Ride of the Valkyries, Berlin Philharmonic (1999)

Wagner – Ride of the Valkyries (Berlin Philharmonic Orchestra, James Levine)

Conducted by the American conductor and pianist James Levine, the Berlin Philharmonic Orchestra (Berliner Philharmoniker) plays “Ride of the Valkyries”, (German: Walkürenritt or Ritt der Walküren), the beginning of act 3 of Die Walküre, (The Valkyrie), WWV 86B, an opera in three acts by Richard Wagner with a German libretto by the composer himself. From the Waldbühne Berlin – A Romantic Opera Night (1999).

James Lawrence Levine (born June 23, 1943) is an American conductor and pianist. He is primarily known for his tenure as Music Director of the Metropolitan Opera. Levine has also held leadership positions with the Ravinia Festival, the Munich Philharmonic and the Boston Symphony Orchestra.

The Waldbühne (Woodland Stage or Forest Stage) is an amphitheatre in Berlin, Germany. It was designed by German architect Werner March in emulation of a Greek theatre and built between 1934 and 1936 and opened in association with the 1936 Summer Olympics. Since World War II it has been used for a variety of events, including boxing matches, film showings and classical and rock concerts. It seats more than 22,000 people.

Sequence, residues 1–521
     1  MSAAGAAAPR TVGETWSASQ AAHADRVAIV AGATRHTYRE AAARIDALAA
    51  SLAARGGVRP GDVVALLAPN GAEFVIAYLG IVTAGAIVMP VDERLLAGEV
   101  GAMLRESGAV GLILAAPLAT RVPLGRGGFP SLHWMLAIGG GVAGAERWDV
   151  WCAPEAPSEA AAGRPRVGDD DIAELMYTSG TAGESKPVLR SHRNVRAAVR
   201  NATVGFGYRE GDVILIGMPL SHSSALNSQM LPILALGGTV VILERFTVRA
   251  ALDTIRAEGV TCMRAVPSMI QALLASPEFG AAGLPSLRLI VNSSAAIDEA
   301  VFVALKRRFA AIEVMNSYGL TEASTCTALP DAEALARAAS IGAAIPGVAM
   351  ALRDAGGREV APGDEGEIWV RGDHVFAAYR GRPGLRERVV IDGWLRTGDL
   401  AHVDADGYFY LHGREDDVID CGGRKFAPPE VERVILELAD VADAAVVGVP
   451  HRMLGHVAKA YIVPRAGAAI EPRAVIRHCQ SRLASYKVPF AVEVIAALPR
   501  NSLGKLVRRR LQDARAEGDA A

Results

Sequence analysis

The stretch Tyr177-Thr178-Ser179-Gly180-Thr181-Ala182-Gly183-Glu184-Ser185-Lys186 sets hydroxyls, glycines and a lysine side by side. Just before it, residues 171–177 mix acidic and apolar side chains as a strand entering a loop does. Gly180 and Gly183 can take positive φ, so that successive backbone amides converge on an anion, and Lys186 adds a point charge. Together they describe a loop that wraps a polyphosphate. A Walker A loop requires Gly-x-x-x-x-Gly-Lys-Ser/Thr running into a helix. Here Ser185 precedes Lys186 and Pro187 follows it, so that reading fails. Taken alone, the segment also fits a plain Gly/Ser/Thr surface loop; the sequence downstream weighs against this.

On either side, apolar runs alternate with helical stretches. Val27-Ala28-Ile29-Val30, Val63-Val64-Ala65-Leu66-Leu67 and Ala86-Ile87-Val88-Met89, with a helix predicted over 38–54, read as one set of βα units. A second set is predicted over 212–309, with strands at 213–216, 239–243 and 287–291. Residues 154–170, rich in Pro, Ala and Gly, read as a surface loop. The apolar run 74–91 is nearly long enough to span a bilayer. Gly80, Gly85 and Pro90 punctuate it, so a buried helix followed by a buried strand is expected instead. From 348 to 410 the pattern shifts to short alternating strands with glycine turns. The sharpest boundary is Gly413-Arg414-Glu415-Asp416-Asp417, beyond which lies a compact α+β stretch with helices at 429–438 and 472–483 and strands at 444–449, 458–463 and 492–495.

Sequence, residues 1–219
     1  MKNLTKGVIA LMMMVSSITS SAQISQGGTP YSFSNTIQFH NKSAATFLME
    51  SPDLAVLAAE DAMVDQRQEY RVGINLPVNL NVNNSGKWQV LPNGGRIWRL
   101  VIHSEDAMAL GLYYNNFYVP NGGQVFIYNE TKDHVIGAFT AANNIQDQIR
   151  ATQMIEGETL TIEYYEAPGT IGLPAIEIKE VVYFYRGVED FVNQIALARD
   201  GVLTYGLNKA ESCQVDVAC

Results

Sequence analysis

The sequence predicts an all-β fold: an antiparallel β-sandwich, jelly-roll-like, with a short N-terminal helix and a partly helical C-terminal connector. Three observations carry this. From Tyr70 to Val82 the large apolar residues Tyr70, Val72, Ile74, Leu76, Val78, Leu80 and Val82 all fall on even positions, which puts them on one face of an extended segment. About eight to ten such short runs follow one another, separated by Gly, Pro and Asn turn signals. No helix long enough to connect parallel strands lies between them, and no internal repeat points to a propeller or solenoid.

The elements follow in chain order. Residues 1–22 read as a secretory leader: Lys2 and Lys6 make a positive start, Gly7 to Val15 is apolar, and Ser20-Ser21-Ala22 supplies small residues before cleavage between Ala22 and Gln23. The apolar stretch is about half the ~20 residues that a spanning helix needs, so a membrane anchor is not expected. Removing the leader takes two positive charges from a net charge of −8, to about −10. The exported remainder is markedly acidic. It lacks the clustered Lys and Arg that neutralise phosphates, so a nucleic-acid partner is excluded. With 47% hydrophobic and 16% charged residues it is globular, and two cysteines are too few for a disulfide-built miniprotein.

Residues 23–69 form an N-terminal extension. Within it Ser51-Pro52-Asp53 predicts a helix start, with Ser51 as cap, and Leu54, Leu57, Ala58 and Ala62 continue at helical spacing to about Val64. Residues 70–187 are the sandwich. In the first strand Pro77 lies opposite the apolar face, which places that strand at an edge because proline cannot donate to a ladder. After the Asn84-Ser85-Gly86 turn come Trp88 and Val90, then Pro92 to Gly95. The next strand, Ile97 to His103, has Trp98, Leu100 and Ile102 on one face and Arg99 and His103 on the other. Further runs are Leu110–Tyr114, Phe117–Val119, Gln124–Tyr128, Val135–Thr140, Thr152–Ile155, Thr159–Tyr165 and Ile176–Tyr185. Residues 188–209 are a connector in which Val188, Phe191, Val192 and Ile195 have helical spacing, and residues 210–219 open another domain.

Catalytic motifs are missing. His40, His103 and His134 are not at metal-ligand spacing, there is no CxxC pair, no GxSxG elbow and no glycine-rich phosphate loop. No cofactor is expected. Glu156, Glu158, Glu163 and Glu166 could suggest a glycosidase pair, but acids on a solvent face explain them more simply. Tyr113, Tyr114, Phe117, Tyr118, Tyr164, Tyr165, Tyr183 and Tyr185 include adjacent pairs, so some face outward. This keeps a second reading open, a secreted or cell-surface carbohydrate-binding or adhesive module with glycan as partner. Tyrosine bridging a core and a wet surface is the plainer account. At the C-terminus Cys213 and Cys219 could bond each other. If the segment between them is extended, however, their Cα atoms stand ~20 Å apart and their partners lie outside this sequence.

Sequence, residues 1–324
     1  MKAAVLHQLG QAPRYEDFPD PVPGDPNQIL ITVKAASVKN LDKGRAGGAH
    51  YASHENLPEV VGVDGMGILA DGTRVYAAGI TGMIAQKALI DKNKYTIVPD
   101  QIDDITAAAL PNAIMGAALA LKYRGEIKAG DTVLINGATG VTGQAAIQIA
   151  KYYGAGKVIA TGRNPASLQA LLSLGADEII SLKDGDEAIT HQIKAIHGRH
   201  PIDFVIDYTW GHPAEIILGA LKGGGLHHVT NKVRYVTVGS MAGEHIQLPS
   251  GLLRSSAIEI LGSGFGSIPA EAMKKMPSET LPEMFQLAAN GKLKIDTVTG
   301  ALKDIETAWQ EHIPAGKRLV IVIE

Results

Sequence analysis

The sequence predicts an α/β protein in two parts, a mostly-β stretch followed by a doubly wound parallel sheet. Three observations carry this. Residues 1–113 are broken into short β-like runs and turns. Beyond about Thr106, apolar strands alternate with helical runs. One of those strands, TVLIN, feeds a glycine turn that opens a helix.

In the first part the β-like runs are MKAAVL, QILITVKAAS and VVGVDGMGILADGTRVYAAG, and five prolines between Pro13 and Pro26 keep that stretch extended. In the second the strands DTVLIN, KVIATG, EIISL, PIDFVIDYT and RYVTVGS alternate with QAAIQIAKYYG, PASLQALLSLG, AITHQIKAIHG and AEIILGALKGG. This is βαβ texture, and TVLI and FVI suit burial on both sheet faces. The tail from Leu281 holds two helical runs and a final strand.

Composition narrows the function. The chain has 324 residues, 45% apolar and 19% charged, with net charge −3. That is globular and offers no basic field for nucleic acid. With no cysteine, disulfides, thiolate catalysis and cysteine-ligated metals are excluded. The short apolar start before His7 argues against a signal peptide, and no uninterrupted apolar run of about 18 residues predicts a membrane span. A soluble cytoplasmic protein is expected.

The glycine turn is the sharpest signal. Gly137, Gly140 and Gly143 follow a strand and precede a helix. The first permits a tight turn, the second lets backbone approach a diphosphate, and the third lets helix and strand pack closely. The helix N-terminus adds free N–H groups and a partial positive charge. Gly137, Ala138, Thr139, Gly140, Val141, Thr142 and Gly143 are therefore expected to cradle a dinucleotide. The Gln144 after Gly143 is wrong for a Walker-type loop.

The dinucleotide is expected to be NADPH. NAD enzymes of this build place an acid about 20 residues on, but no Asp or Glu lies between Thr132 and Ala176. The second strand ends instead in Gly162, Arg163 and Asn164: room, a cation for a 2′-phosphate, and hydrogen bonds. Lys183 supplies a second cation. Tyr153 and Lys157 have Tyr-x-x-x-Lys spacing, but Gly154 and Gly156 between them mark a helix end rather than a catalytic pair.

Die Walküre is the second of the four operas the second of the four operas by the German composer that constitute Der Ring des Nibelungen. Of the four episodes of Der Ring des Nibelungen, Die Walküre is most often performed separately, and arguably may be Wagner’s best-loved work. The source of this affection is certainly Wagner’s sensitive depictions of Siegmund and Sieglinde’s love, and the father-daughter relationship of Wotan and Brünnhilde. The work was first criticized for Siegmund and Sieglinde’s incestuous love, but Wagner made them appealing, rendered their story with tenderness, and bestowed on them some of his most glorious music. In Die Walküre, Wagner achieved equality of music and words with flexible ease. Act One, in particular, is a masterpiece of rhapsodic melody joined to a tight plan of steadily rising tension released in successive climaxes as the two are drawn to each other and reveal their pasts.

As a separate piece, the “Ride” is often heard in a purely instrumental version, as in the video above. It is one of Wagner’s best-known pieces.

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